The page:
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Telluride earns trust of film fans

The autumn movie season begins for me on the night when the curtain goes up on the first screening at the Telluride Film Festival. After a long summer of special effects, explosions, stabbings, shootings, gross-out comedies, supernatural mystifications, horror stories and movies about the alarmingly sophisticated sex lives of teenagers, September brings relief.

Of course some of the summer movies are very good. But autumn brings a back-to-school feeling, and going to Telluride is like buying a new three-ring binder and a book bag to carry it in. You have the feeling you'll make new friends and wonderful discoveries, and maybe even learn something.

The Telluride Festival, held every Labor Day weekend in Colorado, celebrated its 25th anniversary last year. It's small, expensive and hard to get to, but it's one of the best experiences a film lover can have. The selection process includes only films that the organizers think are really good. (most festivals show lots of films they don't necessarily even like). The town itself is so small that you run into the filmmakers without even trying, and this is one of the few festivals that industry professionals attend even if they don't have business to do.

Part of the mystique of Telluride is the secrecy over its schedule. In early years that was inspired by a real uncertainty about what films would actually turn up. Now it's part of the cachet. Co-founders Bill and Stella Pence and Tom Luddy are essentially asking us to trust them. Also, they want people to attend the festival as a whole, not be lured by famous names. And frequently they have "unofficial" screenings of films that allegedly aren't scheduled to be premiered for weeks or months.

Sometimes the names of a title or guest can leak out. This year, I hear that the sublime French actress Catherine Deneuve will attend and receive the Telluride Medal, and the festival will premiere her new film "Place Vendome," about the troubled widow of a very complicated diamond dealer.

Also promised this year is the much-anticipated U.S. premiere of "Princess Mononoke," the new film by Japan's master of anime, Hayao Miyazaki. The movie was Japan's all-time box office champ until it was passed by "Titanic," and Miramax grabbed the distribution rights away from its parent Disney, claiming that its specialized distribution strategies will find a crossover animation market. Miyazaki, whose credits include the wonderful animated films "My Neighbor Totoro" and "Kiki's Delivery Service," was set to attend the festival but has had to cancel.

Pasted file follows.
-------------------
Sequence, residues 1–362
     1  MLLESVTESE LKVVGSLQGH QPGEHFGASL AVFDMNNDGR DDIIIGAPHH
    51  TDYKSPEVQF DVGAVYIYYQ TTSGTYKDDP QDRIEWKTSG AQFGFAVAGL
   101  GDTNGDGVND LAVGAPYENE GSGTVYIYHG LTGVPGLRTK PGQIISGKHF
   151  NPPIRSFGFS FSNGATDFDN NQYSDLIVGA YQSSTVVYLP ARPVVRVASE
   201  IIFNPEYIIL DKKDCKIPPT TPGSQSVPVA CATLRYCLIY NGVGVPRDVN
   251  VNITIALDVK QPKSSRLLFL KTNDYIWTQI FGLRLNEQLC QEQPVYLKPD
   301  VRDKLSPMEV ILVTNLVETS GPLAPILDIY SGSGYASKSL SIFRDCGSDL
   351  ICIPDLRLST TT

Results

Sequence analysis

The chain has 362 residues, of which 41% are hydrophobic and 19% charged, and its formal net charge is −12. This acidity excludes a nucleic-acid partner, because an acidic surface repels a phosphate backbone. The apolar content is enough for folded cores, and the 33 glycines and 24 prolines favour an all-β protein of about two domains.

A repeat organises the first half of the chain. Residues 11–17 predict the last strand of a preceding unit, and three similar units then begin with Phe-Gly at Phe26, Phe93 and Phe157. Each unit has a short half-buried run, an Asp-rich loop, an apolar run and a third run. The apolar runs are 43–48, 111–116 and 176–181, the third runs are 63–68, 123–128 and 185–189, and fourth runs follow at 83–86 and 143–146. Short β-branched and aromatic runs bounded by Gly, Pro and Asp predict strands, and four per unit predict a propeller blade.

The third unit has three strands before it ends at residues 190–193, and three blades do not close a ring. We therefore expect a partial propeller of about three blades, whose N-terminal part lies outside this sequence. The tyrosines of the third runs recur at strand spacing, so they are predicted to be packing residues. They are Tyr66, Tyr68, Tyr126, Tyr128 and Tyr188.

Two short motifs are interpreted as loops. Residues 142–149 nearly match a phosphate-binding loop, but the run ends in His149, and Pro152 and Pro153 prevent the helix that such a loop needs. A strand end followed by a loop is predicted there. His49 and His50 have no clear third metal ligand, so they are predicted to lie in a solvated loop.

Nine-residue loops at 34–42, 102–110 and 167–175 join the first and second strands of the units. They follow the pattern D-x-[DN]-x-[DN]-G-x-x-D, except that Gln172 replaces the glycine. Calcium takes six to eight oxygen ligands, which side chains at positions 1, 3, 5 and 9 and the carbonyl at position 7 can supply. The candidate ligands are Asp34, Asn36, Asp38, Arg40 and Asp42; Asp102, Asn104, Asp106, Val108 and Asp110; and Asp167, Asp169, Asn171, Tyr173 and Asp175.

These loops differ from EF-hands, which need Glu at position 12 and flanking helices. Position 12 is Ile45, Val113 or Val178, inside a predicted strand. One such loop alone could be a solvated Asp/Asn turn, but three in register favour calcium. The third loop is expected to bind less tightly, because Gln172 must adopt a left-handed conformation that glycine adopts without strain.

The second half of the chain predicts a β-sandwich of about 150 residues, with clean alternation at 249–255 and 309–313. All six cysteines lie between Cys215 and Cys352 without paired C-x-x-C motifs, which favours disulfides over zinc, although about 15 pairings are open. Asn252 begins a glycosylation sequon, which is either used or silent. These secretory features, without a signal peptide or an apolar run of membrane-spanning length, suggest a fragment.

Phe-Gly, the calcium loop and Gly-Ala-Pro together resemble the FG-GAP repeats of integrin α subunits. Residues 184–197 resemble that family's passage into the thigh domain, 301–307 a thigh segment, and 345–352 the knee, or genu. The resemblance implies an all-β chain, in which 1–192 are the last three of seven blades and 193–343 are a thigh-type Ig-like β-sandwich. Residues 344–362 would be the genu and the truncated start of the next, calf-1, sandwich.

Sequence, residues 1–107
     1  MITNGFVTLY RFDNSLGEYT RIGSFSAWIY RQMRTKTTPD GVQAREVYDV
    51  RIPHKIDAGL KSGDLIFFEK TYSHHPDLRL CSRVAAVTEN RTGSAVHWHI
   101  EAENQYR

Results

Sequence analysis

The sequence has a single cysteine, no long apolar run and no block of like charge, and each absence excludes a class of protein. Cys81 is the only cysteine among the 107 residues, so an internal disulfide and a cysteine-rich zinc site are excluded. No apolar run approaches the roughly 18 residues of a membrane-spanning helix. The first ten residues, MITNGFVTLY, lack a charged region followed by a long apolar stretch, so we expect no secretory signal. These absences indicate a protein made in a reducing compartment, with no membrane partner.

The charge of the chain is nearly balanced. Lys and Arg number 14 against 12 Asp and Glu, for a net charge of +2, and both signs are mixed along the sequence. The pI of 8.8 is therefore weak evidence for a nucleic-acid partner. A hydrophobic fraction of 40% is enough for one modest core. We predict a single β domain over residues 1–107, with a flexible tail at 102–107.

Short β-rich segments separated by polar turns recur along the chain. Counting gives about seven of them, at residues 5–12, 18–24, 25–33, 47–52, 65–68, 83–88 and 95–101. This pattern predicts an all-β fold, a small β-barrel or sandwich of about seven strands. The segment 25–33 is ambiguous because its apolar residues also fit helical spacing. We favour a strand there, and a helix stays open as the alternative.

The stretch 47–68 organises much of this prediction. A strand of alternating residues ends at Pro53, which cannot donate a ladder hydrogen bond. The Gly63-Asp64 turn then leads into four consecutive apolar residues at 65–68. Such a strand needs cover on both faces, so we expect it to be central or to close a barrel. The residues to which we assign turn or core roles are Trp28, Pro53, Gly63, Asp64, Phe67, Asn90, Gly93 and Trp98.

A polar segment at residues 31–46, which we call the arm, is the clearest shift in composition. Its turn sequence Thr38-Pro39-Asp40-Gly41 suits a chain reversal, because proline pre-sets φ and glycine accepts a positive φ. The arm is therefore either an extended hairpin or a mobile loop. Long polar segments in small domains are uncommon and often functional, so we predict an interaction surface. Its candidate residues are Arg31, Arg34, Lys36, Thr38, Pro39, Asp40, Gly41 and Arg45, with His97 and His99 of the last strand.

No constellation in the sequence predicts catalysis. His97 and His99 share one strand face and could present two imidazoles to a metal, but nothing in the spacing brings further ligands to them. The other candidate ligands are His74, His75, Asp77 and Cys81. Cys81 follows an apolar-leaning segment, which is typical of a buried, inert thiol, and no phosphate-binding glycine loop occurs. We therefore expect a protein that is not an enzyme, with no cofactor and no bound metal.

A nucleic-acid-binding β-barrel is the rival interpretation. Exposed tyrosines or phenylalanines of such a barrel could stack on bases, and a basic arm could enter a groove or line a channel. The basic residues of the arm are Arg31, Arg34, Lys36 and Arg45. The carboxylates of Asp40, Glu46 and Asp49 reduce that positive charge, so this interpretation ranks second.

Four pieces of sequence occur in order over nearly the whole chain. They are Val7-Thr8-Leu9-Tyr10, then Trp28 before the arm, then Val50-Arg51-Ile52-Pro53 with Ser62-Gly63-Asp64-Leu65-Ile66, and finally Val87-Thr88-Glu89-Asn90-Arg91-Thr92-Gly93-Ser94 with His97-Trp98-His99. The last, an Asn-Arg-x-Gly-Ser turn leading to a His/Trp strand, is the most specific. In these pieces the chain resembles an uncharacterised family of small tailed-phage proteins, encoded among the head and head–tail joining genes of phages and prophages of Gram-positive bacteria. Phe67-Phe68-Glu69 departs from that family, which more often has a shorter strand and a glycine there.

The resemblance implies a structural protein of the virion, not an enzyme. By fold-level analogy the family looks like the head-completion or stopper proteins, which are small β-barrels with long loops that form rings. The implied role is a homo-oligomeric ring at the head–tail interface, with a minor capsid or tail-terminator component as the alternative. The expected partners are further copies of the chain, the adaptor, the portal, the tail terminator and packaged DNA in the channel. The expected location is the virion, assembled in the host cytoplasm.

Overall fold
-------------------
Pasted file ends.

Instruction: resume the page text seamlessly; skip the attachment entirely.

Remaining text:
The opening-night film will be "The Straight Story," by David Lynch, whose "Blue Velvet" caused a sensation at Telluride in 1986. No two films could be less similar. "Straight Story," which premiered at Cannes, stars 79-year-old Richard Farnsworth as an Iowa farmer who determines to have one last visit with his brother in Wisconsin. The old man doesn't have a driver's license, however - and so he drives there on a lawn tractor.

Also said to be on the schedule is "Black and White," the new movie by James Toback, about white teenagers who venture into the Harlem hip-hop scene. Robert Downey Jr., who starred in Toback's "Two Girls and a Guy" (1997), is back in this one. Also on tap, according to Variety: Dennis Hopper, Holly Hunter, Billy Crudup and Denis Leary are in "Jesus' Son," by Alison MacLean, about addiction and recovery.

Following Telluride comes Toronto, Thursday through Sept. 19, which after Cannes is the second-largest film festival in the world. Between them, they preview many of the films we'll be talking about in the months to come. Lots of Oscar nominees will be among them.

But the best thing about Telluride isn't really the new films, which will open in theaters. It's the sidebar programs, which fill up about half the slots. There'll be a new restoration of a silent film, with a live soundtrack by the Alloy Orchestra. A special series by the guest programmer (still secret; last year it was Peter Bogdanovich, showing five titles from 1928, "the greatest year in movie history"). Tributes to legendary actors, directors and crafts people. A panel discussion and free lunch at the top of the ski lift.

And talk. Lots of talk. In the bracing mountain air, late at night in the moonlight, on the way from the Sheridan Opera House to the Mason's Hall, to stop in the middle of the street and talk about great movies is consolation, somehow, for the junk you've processed all summer long.

Roger Ebert

Roger Ebert was the film critic of the Chicago Sun-Times from 1967 until his death in 2013. In 1975, he won the Pulitzer Prize for distinguished criticism.

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